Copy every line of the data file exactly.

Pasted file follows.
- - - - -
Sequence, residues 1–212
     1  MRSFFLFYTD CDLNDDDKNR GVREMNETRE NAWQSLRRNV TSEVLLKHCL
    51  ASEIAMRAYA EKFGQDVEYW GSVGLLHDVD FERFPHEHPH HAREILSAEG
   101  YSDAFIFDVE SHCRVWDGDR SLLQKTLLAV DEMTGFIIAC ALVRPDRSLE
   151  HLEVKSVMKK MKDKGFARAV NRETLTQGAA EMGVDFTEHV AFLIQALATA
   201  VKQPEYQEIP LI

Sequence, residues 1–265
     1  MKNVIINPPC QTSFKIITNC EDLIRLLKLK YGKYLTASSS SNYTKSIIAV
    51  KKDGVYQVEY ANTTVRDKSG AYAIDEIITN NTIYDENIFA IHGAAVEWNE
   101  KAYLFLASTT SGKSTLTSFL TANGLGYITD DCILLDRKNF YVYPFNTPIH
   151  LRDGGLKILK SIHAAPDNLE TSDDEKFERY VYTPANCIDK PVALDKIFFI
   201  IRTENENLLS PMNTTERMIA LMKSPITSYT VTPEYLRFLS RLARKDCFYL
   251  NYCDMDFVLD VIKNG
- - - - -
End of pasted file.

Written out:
Sequence, residues 1–212
     1  MRSFFLFYTD CDLNDDDKNR GVREMNETRE NAWQSLRRNV TSEVLLKHCL
    51  ASEIAMRAYA EKFGQDVEYW GSVGLLHDVD FERFPHEHPH HAREILSAEG
   101  YSDAFIFDVE SHCRVWDGDR SLLQKTLLAV DEMTGFIIAC ALVRPDRSLE
   151  HLEVKSVMKK MKDKGFARAV NRETLTQGAA EMGVDFTEHV AFLIQALATA
   201  VKQPEYQEIP LI

Sequence, residues 1–265
     1  MKNVIINPPC QTSFKIITNC EDLIRLLKLK YGKYLTASSS SNYTKSIIAV
    51  KKDGVYQVEY ANTTVRDKSG AYAIDEIITN NTIYDENIFA IHGAAVEWNE
   101  KAYLFLASTT SGKSTLTSFL TANGLGYITD DCILLDRKNF YVYPFNTPIH
   151  LRDGGLKILK SIHAAPDNLE TSDDEKFERY VYTPANCIDK PVALDKIFFI
   201  IRTENENLLS PMNTTERMIA LMKSPITSYT VTPEYLRFLS RLARKDCFYL
   251  NYCDMDFVLD VIKNG